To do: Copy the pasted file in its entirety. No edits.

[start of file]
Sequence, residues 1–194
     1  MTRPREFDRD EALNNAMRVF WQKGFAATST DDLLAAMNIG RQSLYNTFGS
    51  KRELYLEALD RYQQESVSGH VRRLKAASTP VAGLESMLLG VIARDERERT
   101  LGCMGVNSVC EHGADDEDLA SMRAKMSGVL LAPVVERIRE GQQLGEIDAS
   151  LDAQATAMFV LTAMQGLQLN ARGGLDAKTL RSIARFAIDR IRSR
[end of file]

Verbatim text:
Sequence, residues 1–194
     1  MTRPREFDRD EALNNAMRVF WQKGFAATST DDLLAAMNIG RQSLYNTFGS
    51  KRELYLEALD RYQQESVSGH VRRLKAASTP VAGLESMLLG VIARDERERT
   101  LGCMGVNSVC EHGADDEDLA SMRAKMSGVL LAPVVERIRE GQQLGEIDAS
   151  LDAQATAMFV LTAMQGLQLN ARGGLDAKTL RSIARFAIDR IRSR